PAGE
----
It’s the rallying cry of gearheads across time and place, whether you secretly wish you were Brian O’Connor when passing cars in your Mitsubishi Eclipse or Cole Trickle when tossing your 1984 Camaro around town.
In making this list of power upgrades, we limited it to what most mechanically inclined people with a free weekend, an open garage stall and a few hundred bucks can perform.
Most budding gearheads start here. Upgrading to a cold-air intake is relatively simple and can provide a noticeable power boost.
An engine is essentially an air pump. The more air it takes in, the more power it can put out. Cold-air intakes help eliminate the sharp bends and restrictive air passages inherent to some stock intakes. Abrupt transitions and sharp edges in the intake create turbulence, which leads to power loss.
Increased airflow triggers the computer to add more fuel to the fuel/air mix. More fuel/air equals more power. Cold-air intakes also, as the name implies, draw cooler air from outside the engine compartment. Cooler air is more dense, again resulting in the computer increasing the amount of fuel, helping the engine make more power.
More air in naturally means more air has to exit the engine. While many stock exhaust systems can handle the added air from an upgraded intake, consider upgrading to a catback exhaust or high-flow catalytic converter, especially if you’ve already modified your engine to make more power.
A catback exhaust includes everything installed after the catalytic converter, including the resonator, exhaust piping and muffler. It’s typically designed with larger-diameter parts compared to the stock exhaust, allowing greater airflow. Since it includes everything after the catalytic converter, you don’t run the risk of disrupting your vehicle’s emissions system by messing around with the catalytic converter.
Even so, a stock catalytic converter can restrict airflow and reduce power, making it a prime target for an upgrade. A high-flow catalytic converter features larger openings on either end, increasing airflow and power.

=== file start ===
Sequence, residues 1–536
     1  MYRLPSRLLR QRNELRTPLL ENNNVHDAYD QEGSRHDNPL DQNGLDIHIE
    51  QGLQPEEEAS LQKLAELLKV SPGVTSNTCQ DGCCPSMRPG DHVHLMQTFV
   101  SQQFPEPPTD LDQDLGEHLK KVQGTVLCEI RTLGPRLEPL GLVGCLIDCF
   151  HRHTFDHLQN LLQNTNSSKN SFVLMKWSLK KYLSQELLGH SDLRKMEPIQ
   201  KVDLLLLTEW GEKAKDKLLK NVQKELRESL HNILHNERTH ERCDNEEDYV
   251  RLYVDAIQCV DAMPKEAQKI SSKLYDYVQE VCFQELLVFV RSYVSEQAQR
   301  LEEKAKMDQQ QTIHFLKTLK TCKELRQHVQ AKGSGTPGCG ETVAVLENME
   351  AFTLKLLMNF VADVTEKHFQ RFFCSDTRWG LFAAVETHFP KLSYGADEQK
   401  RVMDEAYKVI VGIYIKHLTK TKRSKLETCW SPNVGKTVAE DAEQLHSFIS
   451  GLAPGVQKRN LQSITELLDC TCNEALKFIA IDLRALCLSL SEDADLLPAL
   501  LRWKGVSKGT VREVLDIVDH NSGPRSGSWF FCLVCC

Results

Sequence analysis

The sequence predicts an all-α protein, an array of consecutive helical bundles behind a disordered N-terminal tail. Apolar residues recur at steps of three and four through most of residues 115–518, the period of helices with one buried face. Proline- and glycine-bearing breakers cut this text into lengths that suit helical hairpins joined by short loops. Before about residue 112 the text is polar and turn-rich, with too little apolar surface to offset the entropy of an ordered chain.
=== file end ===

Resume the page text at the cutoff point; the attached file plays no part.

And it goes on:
Sometimes called “chips,” performance tuners plug into the diagnostic port. They modify the fuel and timing maps to increase performance, typically at the expense of fuel economy. Some performance tuners can improve fuel economy, though.
Tuners are especially popular among diesel owners. They’re about the simplest upgrade to install available on the market.
If your engine is equipped with a turbocharger or supercharger, it arrived from the factory to deliver a preset amount of boost, measured in psi. Installing a boost controller allows you to adjust the boost level produced in the intake manifold. It’s a good idea to install a boost gauge as well so you don’t overdo it. A good rule of thumb is to increase boost no more than 15-20 percent more than the factory setting.
Bear in mind that increasing boost too much will damage your engine. Do your research, be careful and consider reaching out to a professional for guidance.
All this added power and heat can invite engine wear and harmful deposits if your oil isn’t up to the challenge. Upgrade to synthetic motor oil. While you’re at it, upgrade to synthetic lubricants throughout your vehicle. They offer improved wear protection and resistance to heat. But they also maximize power due to their ability to reduce friction compared to conventional lubricants. Less friction helps maximize power to the ground.
One final word of advice: performing numbers 1-4 on this list can void your warranty, so check your vehicle owner’s manual and proceed with caution.
Thankfully, your ‘84 Camaro is out of warranty, so happy wrenching.